1b) Optional: Add any source of the bacteria that you are growing to seed the tank. Cycled media from a healthy tank is good. Decor or some gravel from a cycled tank is OK. Live plants or plastic are OK. I have even heard of the right bacteria growing in the bio film found on driftwood. (So if you have been soaking some driftwood in preparation to adding it to the tank, go ahead and put it into the tank) Bottled bacteria is great, but only if it contains Nitrospira species of bacteria. Read the label and do not waste your money on anything else.
At the time this was written the right species could be found in:
Dr. Tims One and Only
Tetra Safe Start
Microbe Lift Nite Out II
...and perhaps others.
You do not have to jump start the cycle. The right species of bacteria are all around, and will find the tank pretty fast.

2) Add ammonia until the test reads 5 ppm. This ammonia is the cheapest you can find. No surfactants, no perfumes. Read the fine print. This is often found at discount stores like Dollar Tree, or hardware stores like Ace. You could also use a dead shrimp form the grocery store, or fish food. Protein breaks down to become ammonia. You do not have good control over the ammonia level, though.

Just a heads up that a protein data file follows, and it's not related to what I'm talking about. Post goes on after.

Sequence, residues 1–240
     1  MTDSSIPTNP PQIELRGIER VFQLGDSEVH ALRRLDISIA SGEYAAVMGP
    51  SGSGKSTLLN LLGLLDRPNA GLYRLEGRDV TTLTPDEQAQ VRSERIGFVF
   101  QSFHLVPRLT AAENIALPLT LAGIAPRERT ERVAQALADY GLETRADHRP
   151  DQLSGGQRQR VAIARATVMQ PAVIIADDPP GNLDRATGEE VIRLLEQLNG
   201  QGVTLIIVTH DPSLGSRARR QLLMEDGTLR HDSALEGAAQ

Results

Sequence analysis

Some substrates release ammonia when they are submerged for the first time. Monitor the level and do enough water changes to keep the ammonia at the levels detailed below.

3) Test daily. For the first few days not much will happen, but the bacteria that remove ammonia are getting started. Finally the ammonia starts to drop. Add a little more, once a day, to test 5 ppm.

4) Test for nitrite. A day or so after the ammonia starts to drop the nitrite will show up. When it does allow the ammonia to drop to 3 ppm.